Natural magic

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Natural magic in the context of Renaissance magic is that part of the occult which deals with natural forces directly, as opposed to ceremonial magic which deals with the summoning of spirits.[1] Natural magic sometimes makes use of physical substances from the natural world such as stones or herbs.[1]

Natural magic so defined includes astrology, alchemy, and disciplines that we would today consider fields of natural science, such as astronomy and chemistry (which developed and diverged from astrology and alchemy, respectively, into the modern sciences they are today) or botany (from herbology). The Jesuit scholar Athanasius Kircher wrote that "there are as many types of natural magic as there are subjects of applied sciences".[2]

Heinrich Cornelius Agrippa discusses natural magic in his Three Books of Occult Philosophy (1533),[1][3] where he calls it "nothing else but the highest power of natural sciences".[1] The Italian Renaissance philosopher Giovanni Pico della Mirandola, who founded the tradition of Christian Kabbalah, argued that natural magic was "the practical part of natural science" and was lawful rather than heretical.[4]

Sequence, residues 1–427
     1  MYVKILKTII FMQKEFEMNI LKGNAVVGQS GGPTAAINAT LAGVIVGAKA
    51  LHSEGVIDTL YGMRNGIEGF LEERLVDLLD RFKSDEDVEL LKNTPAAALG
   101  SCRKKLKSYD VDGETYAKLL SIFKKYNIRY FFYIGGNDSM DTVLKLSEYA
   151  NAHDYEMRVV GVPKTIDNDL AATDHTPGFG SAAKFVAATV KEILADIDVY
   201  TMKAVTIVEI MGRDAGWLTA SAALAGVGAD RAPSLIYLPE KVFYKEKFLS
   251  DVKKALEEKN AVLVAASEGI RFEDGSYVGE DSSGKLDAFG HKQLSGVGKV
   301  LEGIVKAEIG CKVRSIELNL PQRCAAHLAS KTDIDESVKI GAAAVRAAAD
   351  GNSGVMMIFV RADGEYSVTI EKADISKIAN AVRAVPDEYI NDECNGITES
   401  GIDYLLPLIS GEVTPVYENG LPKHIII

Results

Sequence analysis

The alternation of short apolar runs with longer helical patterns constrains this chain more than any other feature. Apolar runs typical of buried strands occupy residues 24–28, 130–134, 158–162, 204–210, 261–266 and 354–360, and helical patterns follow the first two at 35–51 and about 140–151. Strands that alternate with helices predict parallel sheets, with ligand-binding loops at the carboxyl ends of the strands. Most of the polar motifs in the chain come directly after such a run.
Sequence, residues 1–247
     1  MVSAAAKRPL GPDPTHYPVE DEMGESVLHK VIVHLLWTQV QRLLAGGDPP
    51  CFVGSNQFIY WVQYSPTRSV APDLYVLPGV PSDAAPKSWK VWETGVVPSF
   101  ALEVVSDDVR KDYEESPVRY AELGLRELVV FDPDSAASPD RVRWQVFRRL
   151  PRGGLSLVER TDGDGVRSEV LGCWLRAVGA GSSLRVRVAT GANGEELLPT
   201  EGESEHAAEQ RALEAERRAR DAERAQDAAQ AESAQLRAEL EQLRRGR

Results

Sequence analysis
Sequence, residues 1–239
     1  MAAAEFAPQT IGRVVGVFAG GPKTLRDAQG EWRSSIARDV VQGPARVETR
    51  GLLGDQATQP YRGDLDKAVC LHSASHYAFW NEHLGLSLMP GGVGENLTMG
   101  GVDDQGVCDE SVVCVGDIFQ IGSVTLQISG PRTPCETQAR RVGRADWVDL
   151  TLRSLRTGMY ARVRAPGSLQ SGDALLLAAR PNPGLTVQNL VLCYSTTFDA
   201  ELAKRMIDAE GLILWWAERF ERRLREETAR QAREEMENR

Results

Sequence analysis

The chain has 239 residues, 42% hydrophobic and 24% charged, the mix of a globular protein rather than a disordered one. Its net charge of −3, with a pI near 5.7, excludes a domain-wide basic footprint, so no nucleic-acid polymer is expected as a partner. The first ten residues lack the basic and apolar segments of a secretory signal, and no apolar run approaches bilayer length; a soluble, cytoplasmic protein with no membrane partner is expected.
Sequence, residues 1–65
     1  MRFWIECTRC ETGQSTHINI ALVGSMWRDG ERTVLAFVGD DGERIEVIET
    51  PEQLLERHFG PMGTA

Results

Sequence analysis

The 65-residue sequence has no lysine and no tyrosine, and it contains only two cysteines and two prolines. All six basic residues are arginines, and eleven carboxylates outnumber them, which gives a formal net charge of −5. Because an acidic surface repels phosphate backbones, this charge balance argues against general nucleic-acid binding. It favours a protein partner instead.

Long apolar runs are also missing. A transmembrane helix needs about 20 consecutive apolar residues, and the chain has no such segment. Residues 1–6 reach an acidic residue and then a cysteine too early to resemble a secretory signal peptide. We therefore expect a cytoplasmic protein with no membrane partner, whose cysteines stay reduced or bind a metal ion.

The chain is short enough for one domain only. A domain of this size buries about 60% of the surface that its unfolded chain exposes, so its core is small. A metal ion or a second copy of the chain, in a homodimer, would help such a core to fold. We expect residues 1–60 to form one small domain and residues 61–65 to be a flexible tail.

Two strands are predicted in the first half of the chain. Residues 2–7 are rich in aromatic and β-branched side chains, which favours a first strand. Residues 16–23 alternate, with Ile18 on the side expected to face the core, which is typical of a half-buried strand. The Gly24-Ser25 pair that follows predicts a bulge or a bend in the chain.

See also[edit]

References[edit]

  1. ^ a b c d Agrippa, Henry Cornelius (1651). Three Books of Occult Philosophy. Translated by Freake, James. London. pp. 567–576.
  2. ^ Stolzenberg, Daniel (2001). The Great Art of Knowing: The Baroque Encyclopedia of Athanasius Kircher. Stanford University Libraries. p. 51. ISBN 0911221239.
  3. ^ Versluis, Arthur (2007). Magic and Mysticism: An Introduction to Western Esotericism. Rowman & Littlefield. p. 80. ISBN 0742558363.
  4. ^ Mebane, John S. (1992). Renaissance Magic and the Return of the Golden Age: The Occult Tradition and Marlowe, Jonson, and Shakespeare. Lincoln: University of Nebraska Press. pp. 44–45. ISBN 9780803281790.

Further reading[edit]

  • Charles G. Nauert, Magic and Skepticism in Agrippa's Thought, Journal of the History of Ideas (1957), p. 176.
  • Ryan J. Stark, Rhetoric, Science, and Magic in Seventeenth-Century England (Washington, DC: The Catholic University of America Press, 2009), 88-114.